At Topolopompo Restaurant in Israel's coastal city of Tel Aviv, chef and co-owner Avi Conforti uses fire to create deep flavors and bold visuals. Of his Tamilian Spiced Pumpkin, with black lentil dhal and roasted corn kurma, Conforti told From The Grapevine, “This portion is extremely versatile, since I can switch the pumpkin to roasted pork or charred spiced tuna steak, combine it with black bean dhal and stay truthful to the original flavors with a twist. The contrast of different textures adds a killer effect to this beautiful dish.”

A lime cream is made up of cassis sorbet, meringue and berries at the Popina restaurant.A lime cream is made up of cassis sorbet, meringue and berries at the Popina restaurant. (Photo: Haim Yosef)

An interesting visual contrast to the bold fire of Topolopompo is the more delicate plating at Popina, also in Tel Aviv. “I aim to create a sophisticated modern kitchen, which is still accessible and easy to enjoy,” wrote Chef Orel Kinchi. “The plating is the first and the most simple way the diners can relate to the dish, and so a great emphasis is being put [on creating] a look which is appealing, creative and appetizing, and at the same time practical and relates to the character of the dish. In that way, I see plating as a kind of 'recruited art' which complements the entire dining experience.”

With such innovations as the cheeky green “Gin & Tonic Tartar” and a delightfully fruity rice and coconut milk pudding, Kinchi’s dishes will truly deliver a sense of awe.

Steamed root vegetables tartar with aged balsamic vinegar, chestnuts, cashew butter and carrot-mustard cream at Popina restaurant in Israel.Steamed root vegetables tartar with aged balsamic vinegar, chestnuts, cashew butter and carrot-mustard cream at Popina restaurant in Israel. (Photo: Haim Yosef)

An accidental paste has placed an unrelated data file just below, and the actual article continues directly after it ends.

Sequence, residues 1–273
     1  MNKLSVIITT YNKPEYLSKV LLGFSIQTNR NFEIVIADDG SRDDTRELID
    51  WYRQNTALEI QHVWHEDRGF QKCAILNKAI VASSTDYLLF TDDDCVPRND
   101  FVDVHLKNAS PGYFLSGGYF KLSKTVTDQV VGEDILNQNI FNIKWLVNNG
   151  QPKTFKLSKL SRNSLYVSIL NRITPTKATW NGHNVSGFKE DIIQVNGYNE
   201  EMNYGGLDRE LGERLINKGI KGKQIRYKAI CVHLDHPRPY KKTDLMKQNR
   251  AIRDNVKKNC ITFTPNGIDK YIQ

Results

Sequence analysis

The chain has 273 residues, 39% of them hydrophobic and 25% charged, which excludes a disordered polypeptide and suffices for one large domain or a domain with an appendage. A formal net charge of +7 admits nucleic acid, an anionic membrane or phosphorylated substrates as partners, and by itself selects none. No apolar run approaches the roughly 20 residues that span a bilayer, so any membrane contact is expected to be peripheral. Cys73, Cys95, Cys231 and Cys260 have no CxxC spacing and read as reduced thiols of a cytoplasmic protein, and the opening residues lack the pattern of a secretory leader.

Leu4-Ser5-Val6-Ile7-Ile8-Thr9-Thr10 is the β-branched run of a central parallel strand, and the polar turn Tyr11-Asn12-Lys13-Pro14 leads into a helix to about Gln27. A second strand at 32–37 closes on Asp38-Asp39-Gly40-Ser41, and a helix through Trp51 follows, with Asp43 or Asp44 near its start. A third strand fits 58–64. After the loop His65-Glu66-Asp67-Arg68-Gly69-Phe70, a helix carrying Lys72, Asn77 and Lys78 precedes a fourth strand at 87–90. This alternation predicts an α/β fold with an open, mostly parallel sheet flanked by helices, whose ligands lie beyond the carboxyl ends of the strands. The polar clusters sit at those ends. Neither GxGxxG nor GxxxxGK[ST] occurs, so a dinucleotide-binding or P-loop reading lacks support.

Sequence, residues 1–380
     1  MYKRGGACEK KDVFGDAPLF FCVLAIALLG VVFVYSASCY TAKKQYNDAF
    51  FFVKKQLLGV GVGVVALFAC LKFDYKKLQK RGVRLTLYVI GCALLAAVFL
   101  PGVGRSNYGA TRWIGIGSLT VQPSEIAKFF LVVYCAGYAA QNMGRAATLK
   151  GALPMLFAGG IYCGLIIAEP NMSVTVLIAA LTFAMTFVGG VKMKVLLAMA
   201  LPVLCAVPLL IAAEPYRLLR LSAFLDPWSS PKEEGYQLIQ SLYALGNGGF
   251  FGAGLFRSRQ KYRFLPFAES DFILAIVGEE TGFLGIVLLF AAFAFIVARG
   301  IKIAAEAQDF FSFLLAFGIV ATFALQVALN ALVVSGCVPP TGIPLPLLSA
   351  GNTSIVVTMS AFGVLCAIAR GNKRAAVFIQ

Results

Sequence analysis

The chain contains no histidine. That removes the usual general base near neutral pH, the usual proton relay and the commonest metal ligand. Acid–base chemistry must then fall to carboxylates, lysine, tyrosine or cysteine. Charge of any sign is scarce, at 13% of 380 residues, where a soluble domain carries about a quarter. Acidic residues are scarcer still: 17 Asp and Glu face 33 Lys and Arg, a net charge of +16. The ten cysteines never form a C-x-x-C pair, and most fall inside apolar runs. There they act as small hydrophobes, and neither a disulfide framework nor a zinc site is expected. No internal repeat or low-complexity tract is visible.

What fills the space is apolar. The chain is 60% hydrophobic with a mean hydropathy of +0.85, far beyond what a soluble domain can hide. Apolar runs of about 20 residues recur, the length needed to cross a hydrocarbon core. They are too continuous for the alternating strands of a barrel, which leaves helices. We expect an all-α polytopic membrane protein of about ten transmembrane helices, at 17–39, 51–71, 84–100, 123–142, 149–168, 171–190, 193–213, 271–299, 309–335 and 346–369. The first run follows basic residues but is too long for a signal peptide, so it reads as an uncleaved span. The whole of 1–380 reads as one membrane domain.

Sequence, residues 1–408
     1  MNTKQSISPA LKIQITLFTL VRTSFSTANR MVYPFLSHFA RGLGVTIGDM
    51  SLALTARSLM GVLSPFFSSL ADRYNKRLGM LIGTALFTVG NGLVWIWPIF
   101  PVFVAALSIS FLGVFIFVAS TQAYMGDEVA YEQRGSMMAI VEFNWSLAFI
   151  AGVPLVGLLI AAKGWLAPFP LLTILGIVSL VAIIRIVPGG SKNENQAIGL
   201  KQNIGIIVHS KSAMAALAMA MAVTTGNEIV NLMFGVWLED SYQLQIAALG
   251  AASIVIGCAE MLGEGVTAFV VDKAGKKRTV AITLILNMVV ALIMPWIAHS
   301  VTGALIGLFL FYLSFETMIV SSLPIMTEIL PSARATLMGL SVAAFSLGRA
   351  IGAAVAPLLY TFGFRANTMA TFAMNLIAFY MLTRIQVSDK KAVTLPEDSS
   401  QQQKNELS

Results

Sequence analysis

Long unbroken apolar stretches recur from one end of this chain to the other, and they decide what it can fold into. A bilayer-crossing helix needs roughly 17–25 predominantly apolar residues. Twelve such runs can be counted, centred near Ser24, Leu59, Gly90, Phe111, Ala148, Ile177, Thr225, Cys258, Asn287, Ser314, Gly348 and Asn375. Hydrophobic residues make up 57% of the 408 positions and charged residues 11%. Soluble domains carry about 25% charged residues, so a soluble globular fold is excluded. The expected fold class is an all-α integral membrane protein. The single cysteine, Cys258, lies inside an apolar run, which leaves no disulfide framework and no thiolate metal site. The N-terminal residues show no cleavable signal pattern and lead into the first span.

For a farm-to-table experience in Paris, check out the super swanky L’Arpege, which has also earned three Michelin stars. Three farms from three distinct regions provide the restaurant with all of its produce. Dishes are a collage of colors – elegantly crafted with only the freshest of ingredients. Chef Alain Passard’s inspiration is captured in collages that closely resemble dishes on the restaurant’s menu. Recent dishes include porcini mushrooms, with lemon, thyme and olive oil and Moroccan-inspired harlequin flower and vegetable sausages, with argan, lemon, dates and mint. Just a heads up – the menu is written in French, so be sure to bring a pocket dictionary with you!

At Social Eating House in London’s hip Soho neighborhood, you’ll find a tantalizing twist on traditional dishes. Don’t be fooled by the relaxed atmosphere – you’ll be dazzled by the creativity on the plate. Beef tartare is refreshingly reinvented when combined with dainty green mustard leaves and elegant whole and sliced English radishes. In a play on old-school British pub fare, you’ll find a deconstructed plate composed of an egg, smoked ham and chips (or fries as we know them here in the U.S.).

Duck, smoked ham, eggs and chips at the Social Eating House in London.Duck, smoked ham, eggs and chips at the Social Eating House in London. (Photo: Courtesy Social Eating House)